One of the most meaningful concepts in qualitative research is that of “Othering”; that is, the concept of “us” versus “them” that presents itself (knowingly or not) in the researcher-participant interaction. Othering is an important idea across all qualitative methods but it is in the in-depth interview (IDI) – where the intensity of the interviewer-interviewee relationship is pivotal to the quality of outcomes – where the notion of Othering takes on particular relevance. As discussed elsewhere in Research Design Review, the interviewer-interviewee relationship in IDI research fosters an “asymmetrical power” environment, one in which the researcher (the interviewer) is in a position to make certain assumptions – and possibly misperceptions – about the interviewee that ultimately play a role in the final interpretations and reporting of the data. It is this potentially uneven power relationship that is central to the reflexive journal (which is discussed repeatedly in this blog).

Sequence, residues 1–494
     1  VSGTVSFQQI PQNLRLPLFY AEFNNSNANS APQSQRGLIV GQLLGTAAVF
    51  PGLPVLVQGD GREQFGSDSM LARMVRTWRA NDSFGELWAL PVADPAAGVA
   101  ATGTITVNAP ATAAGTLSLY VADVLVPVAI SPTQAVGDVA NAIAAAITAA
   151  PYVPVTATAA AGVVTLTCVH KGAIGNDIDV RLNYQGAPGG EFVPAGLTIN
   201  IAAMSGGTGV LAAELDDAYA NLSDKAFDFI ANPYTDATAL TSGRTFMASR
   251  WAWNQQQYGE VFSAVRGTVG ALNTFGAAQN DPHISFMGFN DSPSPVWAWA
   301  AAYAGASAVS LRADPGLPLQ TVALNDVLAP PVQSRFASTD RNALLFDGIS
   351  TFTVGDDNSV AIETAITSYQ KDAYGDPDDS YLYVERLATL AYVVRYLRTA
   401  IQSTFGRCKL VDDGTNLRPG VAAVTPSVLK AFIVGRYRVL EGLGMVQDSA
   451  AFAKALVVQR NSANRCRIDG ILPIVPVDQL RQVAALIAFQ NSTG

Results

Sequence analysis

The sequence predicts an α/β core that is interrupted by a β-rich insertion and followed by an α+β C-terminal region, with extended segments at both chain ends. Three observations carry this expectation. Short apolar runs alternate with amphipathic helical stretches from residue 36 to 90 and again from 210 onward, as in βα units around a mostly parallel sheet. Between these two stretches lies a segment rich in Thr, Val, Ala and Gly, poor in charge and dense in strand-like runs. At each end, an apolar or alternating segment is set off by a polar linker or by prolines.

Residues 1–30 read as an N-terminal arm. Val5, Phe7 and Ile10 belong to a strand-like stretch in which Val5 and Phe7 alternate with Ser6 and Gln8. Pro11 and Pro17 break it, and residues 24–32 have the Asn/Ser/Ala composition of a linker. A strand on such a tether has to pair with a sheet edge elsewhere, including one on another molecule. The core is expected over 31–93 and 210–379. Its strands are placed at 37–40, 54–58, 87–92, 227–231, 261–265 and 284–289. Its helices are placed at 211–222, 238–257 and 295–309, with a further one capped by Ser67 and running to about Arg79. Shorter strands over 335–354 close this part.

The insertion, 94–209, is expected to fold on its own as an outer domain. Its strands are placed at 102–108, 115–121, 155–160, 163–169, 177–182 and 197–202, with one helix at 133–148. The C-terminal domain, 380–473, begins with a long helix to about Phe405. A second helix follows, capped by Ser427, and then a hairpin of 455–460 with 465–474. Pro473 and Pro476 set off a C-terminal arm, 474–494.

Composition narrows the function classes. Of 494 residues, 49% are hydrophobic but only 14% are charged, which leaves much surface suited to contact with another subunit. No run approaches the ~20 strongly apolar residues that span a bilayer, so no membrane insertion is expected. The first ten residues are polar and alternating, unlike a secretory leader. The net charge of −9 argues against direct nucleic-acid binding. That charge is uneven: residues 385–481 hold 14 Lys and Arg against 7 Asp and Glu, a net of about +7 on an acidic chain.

In 2002, Qualitative Social Work published an article by Michal Krumer-Nevo titled, “The Arena of Othering: A Life-Story with Women Living in Poverty and Social Marginality.”1 This is a very Read Full Text